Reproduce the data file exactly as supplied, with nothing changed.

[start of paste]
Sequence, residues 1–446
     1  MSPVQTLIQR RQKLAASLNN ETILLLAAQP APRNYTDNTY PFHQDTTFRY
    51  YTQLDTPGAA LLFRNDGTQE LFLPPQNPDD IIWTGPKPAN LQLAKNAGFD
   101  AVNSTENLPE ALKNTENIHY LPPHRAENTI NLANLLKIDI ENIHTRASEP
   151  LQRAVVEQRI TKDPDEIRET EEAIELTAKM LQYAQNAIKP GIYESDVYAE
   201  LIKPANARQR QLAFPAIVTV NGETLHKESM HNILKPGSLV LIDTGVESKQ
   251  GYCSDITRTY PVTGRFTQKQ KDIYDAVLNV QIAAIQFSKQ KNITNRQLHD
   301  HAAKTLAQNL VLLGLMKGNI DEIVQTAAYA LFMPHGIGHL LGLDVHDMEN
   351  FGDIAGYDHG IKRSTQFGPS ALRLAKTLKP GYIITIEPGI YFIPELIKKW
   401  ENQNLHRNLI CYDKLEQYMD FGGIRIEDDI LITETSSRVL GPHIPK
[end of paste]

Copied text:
Sequence, residues 1–446
     1  MSPVQTLIQR RQKLAASLNN ETILLLAAQP APRNYTDNTY PFHQDTTFRY
    51  YTQLDTPGAA LLFRNDGTQE LFLPPQNPDD IIWTGPKPAN LQLAKNAGFD
   101  AVNSTENLPE ALKNTENIHY LPPHRAENTI NLANLLKIDI ENIHTRASEP
   151  LQRAVVEQRI TKDPDEIRET EEAIELTAKM LQYAQNAIKP GIYESDVYAE
   201  LIKPANARQR QLAFPAIVTV NGETLHKESM HNILKPGSLV LIDTGVESKQ
   251  GYCSDITRTY PVTGRFTQKQ KDIYDAVLNV QIAAIQFSKQ KNITNRQLHD
   301  HAAKTLAQNL VLLGLMKGNI DEIVQTAAYA LFMPHGIGHL LGLDVHDMEN
   351  FGDIAGYDHG IKRSTQFGPS ALRLAKTLKP GYIITIEPGI YFIPELIKKW
   401  ENQNLHRNLI CYDKLEQYMD FGGIRIEDDI LITETSSRVL GPHIPK